But what has changed over the last year? 

Well, for one, the gun violence on these streets has actually gotten worse. This was most recently reflected in a mass shooting in Philadelphia that garnered international headlines and left several dead and many wounded. The city is on track for over 500 murders — for the second year in a row. That's a staggering figure, reminiscent of the crack wars in the 1990s. At the same time, the local district attorney's prosecution rates for crimes involving guns are actually decreasing. Gun possession cases have dropped to a 32% conviction rate in 2021. Carjackings are so prevalent that they may hit over 1,400 in 2022 (just two years ago, the number was a little over 400). The result, at least in the minds of some officers we talked to, is a city in which many areas feel out of control. 

During my last visit, I went on a ride-along that entailed several hours on the streets. Weeks after I left, one of the officers I had met with had been in a gunfight with a man brandishing an AK-47. The officer was shot and was in recovery even months later when I returned. My God, I thought. This is not Fallujah under al Qaeda in Iraq or Raqqa under the Islamic State. It is a wonderful city dripping with great culture and steeped in American history.

The burnout of police officers in Philly is a major problem that has no end in sight. The force is several hundred officers under strength, and more officers leave the force each week. The majority of Philly PD officers are in their 20s, and many grew up in the city. Yet they deal with violence and lawlessness on a daily basis and feel a lack of support from city leaders. That cultivates an overall climate of distrust which makes officers' jobs nearly impossible. Many suffer from low morale, depression, anger issues, and a lack of sleep, all with no organized plan to help. But they suit up each day.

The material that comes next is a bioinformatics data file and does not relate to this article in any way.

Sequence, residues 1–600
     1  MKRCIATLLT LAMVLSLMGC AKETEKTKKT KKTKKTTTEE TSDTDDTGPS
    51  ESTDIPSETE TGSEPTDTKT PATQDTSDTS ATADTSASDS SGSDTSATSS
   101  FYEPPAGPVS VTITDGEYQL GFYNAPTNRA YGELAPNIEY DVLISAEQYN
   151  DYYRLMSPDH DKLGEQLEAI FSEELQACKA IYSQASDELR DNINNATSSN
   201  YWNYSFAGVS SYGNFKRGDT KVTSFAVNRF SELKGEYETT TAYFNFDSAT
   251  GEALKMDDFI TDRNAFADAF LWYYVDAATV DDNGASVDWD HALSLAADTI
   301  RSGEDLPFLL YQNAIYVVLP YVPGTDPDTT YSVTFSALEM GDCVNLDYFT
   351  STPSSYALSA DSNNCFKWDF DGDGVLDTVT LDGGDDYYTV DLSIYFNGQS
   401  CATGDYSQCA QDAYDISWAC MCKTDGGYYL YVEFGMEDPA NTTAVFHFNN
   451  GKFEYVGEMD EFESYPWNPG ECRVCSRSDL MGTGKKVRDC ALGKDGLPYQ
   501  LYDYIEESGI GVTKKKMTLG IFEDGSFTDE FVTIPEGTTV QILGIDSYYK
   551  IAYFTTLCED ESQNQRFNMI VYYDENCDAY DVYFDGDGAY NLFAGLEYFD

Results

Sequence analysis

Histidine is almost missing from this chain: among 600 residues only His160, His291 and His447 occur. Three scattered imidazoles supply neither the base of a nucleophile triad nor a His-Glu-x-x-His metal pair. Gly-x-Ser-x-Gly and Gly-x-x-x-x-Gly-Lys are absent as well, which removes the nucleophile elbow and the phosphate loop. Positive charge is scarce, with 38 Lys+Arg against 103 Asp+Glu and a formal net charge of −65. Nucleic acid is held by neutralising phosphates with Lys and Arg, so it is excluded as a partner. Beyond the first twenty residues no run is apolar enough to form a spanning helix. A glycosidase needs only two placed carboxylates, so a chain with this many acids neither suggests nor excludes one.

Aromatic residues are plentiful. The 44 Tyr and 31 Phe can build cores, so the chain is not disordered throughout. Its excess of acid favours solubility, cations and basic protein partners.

Unscripted, we stopped to speak with one officer in Kensington, who spends most of his day trying to get the scores of addicts in this area the help they need. I found him to be remarkably compassionate. He was not dismissive toward the homeless or addicts, and his ire was more against a system that was failing to solve problems. He cared. He loves his city. And he is demoralized at what he sees every day. This officer seemed fine now, but what will he be like months and years in the future? It is not normal to witness such horrors every day, not for a CIA officer or special operations forces operator with multiple war-zone deployments. It should not be normal for a Philly officer who works in Kensington for months on end.